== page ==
Overall, this story wasn’t a bad read. Loizeaux has quite the imagination and I would love for him to author a fictional story because I’m positive he’d be able to hold my interest. He’s a brilliant writer. You cannot deny his writing chops. From his vocabulary and his due diligence in his pursuit and investigation of his long ago school friend, Rabbit. I appreciate what he tried to do with this story, I truly do, but it just wasn’t what I was expecting. Again, when reading stories like this, you have to have so much more information than what Loizeaux was working with, otherwise, you’ll end up with the version that was put before us here.
However, having said that, Loizeaux did an exceptional job in bringing Rabbit to life. After having read his story, I feel a connection to him although we clearly were in a different time and space. It’s apparent that Rabbit touched the lives of many he came into contact with. Obviously so with Loizeaux having taken the time to write about a young black man who died too soon. Like Loizeaux, I wonder what would have become of Rabbit’s life? I imagine he would have had children and became the medical photography he was grooming himself to be. There are so many what if’s and what should have been, but we’re left with wondering and questioning. His nickname was appropriate because his life was cut short fast. Funny how those things work out sometimes.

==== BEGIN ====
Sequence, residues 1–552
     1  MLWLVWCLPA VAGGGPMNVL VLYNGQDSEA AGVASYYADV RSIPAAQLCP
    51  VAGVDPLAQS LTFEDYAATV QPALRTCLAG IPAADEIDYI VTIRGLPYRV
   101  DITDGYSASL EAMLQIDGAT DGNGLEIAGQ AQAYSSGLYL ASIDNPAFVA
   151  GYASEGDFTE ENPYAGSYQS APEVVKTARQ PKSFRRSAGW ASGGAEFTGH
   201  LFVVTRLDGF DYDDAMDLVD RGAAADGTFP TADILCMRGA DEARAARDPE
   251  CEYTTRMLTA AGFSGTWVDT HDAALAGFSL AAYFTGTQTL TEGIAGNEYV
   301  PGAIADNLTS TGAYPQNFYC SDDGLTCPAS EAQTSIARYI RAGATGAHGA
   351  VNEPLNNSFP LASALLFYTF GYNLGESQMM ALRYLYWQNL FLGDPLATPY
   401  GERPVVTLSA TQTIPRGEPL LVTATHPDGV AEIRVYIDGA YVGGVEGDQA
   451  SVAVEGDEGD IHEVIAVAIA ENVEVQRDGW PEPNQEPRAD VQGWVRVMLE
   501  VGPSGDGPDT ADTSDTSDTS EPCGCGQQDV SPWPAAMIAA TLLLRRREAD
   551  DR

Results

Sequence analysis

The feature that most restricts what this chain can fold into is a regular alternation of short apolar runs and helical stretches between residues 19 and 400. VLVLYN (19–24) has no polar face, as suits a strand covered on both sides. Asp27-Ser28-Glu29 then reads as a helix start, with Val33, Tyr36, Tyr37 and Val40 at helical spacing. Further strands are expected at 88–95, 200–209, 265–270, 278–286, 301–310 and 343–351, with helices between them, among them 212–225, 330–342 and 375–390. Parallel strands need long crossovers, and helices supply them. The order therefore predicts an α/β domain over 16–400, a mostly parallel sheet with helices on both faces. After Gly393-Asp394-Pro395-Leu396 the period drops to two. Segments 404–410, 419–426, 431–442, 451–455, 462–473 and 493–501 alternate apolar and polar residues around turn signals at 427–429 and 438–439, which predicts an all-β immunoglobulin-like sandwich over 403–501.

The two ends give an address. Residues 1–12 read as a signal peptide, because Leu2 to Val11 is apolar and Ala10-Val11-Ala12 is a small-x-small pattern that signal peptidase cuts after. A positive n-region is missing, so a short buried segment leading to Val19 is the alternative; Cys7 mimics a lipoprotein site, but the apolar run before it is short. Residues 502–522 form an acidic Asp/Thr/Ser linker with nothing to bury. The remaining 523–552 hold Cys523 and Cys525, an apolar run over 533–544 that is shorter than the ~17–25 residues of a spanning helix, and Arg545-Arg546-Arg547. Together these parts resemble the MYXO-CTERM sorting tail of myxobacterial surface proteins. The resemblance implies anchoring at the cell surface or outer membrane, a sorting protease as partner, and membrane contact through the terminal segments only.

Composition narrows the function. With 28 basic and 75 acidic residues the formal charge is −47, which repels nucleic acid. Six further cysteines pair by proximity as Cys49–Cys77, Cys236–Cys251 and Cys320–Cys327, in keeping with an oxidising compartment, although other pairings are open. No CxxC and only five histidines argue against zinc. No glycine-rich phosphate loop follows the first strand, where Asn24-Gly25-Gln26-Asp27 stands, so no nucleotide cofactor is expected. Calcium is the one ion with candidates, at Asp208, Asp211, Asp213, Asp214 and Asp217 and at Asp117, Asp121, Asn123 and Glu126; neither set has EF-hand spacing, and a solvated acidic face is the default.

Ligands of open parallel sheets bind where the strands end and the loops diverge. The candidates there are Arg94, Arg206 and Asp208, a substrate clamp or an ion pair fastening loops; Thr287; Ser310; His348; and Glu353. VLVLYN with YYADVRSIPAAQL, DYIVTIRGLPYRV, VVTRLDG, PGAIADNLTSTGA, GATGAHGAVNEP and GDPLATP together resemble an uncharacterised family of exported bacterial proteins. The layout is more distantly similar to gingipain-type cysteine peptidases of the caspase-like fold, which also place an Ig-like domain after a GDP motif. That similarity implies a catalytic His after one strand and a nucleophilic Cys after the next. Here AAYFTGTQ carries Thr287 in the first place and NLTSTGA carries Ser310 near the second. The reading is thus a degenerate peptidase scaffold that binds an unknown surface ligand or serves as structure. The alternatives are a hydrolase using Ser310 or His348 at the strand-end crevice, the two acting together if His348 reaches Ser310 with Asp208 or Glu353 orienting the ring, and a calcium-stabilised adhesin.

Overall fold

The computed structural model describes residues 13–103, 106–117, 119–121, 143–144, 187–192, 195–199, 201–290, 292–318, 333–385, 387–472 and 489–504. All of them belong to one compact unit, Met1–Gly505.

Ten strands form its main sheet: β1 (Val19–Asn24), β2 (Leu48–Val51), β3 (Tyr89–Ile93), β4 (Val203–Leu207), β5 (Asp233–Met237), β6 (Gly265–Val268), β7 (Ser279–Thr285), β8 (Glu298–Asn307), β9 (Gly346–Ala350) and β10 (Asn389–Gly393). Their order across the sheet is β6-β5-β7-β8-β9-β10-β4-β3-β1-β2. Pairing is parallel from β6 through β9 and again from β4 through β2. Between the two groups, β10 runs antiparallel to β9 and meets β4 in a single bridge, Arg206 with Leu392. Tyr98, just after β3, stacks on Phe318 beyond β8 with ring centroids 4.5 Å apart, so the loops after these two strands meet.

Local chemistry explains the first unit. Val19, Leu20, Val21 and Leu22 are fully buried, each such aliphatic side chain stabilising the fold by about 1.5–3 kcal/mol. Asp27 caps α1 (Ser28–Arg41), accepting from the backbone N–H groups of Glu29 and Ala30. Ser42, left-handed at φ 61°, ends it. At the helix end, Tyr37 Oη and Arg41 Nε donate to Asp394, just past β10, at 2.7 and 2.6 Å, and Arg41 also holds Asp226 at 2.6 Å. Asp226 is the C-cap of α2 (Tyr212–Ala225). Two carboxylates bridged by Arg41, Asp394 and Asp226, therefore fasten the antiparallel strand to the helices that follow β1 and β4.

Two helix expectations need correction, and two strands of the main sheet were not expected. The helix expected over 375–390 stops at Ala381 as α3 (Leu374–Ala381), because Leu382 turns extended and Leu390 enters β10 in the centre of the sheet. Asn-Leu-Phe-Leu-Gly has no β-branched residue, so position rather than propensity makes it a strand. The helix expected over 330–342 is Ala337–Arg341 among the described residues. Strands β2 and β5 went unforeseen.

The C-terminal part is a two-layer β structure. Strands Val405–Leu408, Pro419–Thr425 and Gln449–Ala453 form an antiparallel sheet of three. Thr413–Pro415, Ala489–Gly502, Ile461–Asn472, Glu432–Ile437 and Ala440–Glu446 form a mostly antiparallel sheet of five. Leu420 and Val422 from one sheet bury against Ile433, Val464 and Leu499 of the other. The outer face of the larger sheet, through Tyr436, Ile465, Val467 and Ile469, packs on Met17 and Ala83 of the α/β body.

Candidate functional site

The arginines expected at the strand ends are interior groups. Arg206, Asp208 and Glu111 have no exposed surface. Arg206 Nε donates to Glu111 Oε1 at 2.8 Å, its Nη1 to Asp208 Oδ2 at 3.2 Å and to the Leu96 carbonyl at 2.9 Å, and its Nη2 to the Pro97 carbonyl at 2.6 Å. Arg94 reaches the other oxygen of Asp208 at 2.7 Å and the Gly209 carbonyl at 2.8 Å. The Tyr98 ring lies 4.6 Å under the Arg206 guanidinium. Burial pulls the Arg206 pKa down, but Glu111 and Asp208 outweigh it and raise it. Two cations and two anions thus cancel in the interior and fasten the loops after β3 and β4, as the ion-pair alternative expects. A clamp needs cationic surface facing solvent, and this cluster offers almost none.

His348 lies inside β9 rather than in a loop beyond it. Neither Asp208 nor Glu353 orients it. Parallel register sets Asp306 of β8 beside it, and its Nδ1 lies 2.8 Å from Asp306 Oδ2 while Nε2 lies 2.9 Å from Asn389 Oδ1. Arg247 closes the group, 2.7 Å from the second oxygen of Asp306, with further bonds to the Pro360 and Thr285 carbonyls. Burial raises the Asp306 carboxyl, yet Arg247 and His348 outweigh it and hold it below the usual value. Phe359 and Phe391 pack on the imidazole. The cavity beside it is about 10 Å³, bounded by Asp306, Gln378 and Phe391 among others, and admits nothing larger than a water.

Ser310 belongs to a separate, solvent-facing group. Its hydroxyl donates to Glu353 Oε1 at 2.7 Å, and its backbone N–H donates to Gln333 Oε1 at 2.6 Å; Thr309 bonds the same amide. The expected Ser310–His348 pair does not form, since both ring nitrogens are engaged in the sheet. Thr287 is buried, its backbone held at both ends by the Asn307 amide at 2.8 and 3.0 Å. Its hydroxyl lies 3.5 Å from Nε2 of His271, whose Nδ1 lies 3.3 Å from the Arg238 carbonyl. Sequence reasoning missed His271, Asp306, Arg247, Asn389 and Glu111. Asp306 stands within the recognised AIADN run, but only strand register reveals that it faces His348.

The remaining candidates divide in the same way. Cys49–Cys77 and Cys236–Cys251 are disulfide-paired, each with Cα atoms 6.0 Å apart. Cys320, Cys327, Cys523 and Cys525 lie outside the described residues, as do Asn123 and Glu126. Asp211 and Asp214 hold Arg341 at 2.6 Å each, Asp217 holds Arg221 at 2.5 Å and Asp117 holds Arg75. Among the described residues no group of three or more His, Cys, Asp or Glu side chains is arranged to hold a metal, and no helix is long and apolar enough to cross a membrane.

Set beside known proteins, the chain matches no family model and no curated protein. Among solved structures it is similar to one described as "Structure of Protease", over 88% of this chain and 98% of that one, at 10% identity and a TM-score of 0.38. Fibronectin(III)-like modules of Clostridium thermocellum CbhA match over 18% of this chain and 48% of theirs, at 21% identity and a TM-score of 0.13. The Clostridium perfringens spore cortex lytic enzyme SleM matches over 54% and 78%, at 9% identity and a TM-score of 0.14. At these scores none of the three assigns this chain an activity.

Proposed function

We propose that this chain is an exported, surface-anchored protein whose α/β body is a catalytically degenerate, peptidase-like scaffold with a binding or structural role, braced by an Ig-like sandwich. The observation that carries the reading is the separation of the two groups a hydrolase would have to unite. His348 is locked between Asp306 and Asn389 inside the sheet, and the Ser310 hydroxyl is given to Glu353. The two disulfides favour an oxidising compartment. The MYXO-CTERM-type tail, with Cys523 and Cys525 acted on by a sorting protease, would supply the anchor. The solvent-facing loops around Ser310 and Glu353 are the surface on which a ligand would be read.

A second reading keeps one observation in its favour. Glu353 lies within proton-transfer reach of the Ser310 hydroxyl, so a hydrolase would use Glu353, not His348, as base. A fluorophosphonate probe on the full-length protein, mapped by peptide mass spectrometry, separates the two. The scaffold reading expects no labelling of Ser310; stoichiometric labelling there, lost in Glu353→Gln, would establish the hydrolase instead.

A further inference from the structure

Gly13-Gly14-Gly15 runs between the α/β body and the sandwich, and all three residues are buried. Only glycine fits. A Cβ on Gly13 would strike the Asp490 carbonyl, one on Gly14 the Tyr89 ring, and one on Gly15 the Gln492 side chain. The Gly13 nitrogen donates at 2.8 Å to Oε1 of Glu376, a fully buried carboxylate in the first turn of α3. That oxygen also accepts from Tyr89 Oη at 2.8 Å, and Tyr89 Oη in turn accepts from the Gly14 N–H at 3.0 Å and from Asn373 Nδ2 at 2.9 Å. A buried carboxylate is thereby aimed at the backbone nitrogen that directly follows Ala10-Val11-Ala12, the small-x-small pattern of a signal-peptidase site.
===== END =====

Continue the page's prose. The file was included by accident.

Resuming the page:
The Sexy Nerd gives The Shooting of William “Rabbit” Wells four stars. I wish Rabbit could have lived and that the officer who shot him would have had some accountabilities put forth to him, but as with most cases surrounding the murders of African American men, this story, unfortunately, wasn’t any different than the ones you read and hear about today over fifty years later. Wow! What exactly does that say about us as a society? Very scary stuff. Until next time, Nerds, you know how we do!